Excerpts From a Letter


Generosity; it is hard to receive.
When you know its exact quantity,
The cost the giver incurs.
I hesitate to stretch out my hand
in acceptance.

Generosity; I do not think I would take
as much as I do,
if I knew the price for it to flow
from one to another.
We leave accountability out of the question
and let hope into the picture.

Hope, that this complex thing
which carries neither guarantee of reward
nor assurance of profit...
for the giver at least.
But let not that end your willingness
or cease your participation,
In generosity's cycle
From giver to receiver
And (hopefully) back again.


Sometimes we need to hear words of wisdom our hearts have already spoken, words our ears heard, or thoughts that pressed themselves on our mind insistently. It is not always that we do not know what to do; in most cases the opposite is true. It is simply that the courage to act lies buried within us, like the sugar at the bottom of a cup, waiting to be stirred so that it may bring sweetness to the life within. The words heard anew, the thoughts echoed across the mind once more, and the wisdom of the heart repeated strive to move us to action. When a chance passes you once, say it is chance and move on. When a chance passes you twice, know it is opportunity come to visit. Seize it, and let it take you where you know you should be.

                                                        -- The Memoirs of a Secular Nun, Vol.1

The Song Of Bugema University

When the morning comes,
It is not for the song of birds that I listen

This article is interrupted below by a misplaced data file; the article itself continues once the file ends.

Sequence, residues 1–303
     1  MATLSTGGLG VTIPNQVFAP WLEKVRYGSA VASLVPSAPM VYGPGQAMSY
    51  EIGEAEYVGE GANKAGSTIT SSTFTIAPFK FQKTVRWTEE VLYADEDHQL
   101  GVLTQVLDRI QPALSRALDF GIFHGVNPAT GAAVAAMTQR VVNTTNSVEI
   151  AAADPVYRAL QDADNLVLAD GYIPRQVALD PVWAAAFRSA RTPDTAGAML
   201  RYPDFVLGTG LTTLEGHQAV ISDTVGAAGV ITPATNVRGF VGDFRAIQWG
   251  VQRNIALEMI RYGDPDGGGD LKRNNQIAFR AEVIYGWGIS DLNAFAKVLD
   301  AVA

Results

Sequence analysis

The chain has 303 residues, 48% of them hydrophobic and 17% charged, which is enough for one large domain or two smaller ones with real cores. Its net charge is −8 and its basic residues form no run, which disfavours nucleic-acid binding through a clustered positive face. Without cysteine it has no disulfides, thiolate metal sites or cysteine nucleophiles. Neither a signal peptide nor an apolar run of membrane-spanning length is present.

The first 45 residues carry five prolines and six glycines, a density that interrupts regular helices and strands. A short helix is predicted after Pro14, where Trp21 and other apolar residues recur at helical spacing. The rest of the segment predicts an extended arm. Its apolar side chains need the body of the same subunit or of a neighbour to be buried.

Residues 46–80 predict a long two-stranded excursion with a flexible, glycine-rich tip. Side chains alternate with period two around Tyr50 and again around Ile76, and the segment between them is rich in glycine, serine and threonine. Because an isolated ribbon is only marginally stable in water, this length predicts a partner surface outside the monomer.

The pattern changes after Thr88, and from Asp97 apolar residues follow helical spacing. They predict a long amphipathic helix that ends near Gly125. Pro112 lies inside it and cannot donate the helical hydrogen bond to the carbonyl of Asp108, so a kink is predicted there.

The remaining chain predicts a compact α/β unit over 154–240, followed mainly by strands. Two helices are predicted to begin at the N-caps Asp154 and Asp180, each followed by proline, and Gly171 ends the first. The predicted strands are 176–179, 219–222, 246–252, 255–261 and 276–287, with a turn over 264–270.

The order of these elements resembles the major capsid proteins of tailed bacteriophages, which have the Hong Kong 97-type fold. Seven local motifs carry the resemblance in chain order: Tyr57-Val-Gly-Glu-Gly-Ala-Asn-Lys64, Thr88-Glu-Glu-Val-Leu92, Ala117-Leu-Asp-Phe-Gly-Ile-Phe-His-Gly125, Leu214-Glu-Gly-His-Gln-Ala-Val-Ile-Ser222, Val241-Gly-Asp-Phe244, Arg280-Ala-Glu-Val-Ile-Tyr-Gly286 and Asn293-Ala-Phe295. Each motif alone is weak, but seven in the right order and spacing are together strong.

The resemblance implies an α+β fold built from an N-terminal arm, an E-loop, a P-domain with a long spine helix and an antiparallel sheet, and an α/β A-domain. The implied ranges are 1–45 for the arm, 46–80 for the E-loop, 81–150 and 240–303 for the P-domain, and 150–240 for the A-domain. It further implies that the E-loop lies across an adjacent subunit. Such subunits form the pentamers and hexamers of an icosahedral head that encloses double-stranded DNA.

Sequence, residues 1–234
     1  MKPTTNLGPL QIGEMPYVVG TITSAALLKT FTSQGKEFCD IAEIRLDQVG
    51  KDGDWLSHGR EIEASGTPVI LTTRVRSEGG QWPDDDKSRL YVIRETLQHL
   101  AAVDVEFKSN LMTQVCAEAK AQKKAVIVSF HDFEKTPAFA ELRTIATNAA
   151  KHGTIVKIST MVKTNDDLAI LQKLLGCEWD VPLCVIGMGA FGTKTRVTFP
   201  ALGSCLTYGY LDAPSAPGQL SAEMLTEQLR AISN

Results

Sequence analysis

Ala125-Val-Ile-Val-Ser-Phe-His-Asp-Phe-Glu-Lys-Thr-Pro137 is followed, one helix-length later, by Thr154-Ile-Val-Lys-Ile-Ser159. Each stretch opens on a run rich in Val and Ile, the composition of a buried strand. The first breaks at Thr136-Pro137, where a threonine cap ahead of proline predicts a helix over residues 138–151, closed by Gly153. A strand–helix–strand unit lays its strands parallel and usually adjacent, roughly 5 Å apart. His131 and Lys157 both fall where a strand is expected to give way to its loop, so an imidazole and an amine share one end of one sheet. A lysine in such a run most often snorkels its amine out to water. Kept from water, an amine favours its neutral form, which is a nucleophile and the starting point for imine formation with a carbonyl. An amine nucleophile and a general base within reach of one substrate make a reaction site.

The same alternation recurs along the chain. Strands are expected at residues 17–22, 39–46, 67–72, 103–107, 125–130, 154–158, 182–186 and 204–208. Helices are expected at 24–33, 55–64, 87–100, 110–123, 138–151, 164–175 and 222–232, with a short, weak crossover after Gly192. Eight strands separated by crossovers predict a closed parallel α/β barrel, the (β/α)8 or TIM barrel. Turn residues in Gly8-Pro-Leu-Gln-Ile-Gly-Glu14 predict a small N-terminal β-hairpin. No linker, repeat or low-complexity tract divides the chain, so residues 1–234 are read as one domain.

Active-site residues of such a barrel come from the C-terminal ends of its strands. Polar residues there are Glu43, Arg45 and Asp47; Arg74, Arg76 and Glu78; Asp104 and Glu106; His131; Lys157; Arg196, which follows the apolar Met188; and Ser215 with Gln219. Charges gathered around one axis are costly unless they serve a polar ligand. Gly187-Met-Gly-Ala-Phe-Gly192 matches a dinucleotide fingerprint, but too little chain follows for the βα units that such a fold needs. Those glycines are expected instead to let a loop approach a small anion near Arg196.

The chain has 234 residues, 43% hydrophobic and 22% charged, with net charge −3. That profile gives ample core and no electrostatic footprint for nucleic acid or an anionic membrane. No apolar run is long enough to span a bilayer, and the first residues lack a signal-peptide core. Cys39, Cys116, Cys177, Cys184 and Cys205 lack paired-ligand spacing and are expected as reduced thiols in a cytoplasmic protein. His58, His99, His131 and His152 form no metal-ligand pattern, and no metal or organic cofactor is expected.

Nor for the blood-red, orange sunrise that I look.
It is for the street lights' glow as the natural light
given by our Lord, begins to outshine them.
Then I know that night has truly faded
And the day has began.

It is for the crackle of stones, the feel of sand under my feet
that I listen
As I head out to begin yet another day;
as we all head to class or the cafeteria one by one.
Or together, walking with a companion or a group.

The symphony I hear is one where
The sound of greetings, the sound of cars,
bicycles and motorcycles gradually entering the university,
as the day begins.

The choir of students and lecturers is heard
from classroom to classroom.
Their voices mingle, the chorus of one class
And the relative silence of another;
The mix of subjects being tackled.

I hear harmony in their voices;
The theme of education flowing
In the song of Bugema University.

The Taxi (Matatu), the Conductor, and Me (the Passenger)

Hi all,

This is a poem I wrote regarding my experience using taxis (or matatus, as our Kenyan friends call them). In it, I look at the entire scenario from the perspective of the passenger. I tried to observe and capture how we (a lot of the time) treat our conductors (and drivers). Thus the title. I do talk about the taxi, but the main focus is the passenger and their thoughts on the conductor. In this scenario, the passenger realizes that their thoughts on the conductor are out of line with what they are expected to think of him. So the poem deals with the two views at work: the one that asks the passenger to think of this conductor as a human, the other to suppress all thinking, and continue with their established way of life. The refrain 'Refuse. Play Cold. Play Dead.' refers to the passenger's response that the passenger creates, to avoid asking questions. This poem can apply to many of those who seem (or are) less well off than we are. Enjoy the read!

The Taxi (Matatu), the Conductor, and Me (the Passenger)

I watch you as you call in passengers.
It hurts to see your taxi empty;
I do so long to help you fill it up.
But I must be prudent;
If I get in now, it means I will wait
And I'm already in a hurry you know nothing of.

So I refuse. Play cold. Play dead. Walk away. Quickly. 
I don't want to see the humanity in your eyes.

The taxi is full (I got another one you see).
You are now dispensing rewards to the faithful,
albeit reluctantly, with much haggling over coins.
The faithful. The ones who cajoled, pleaded and called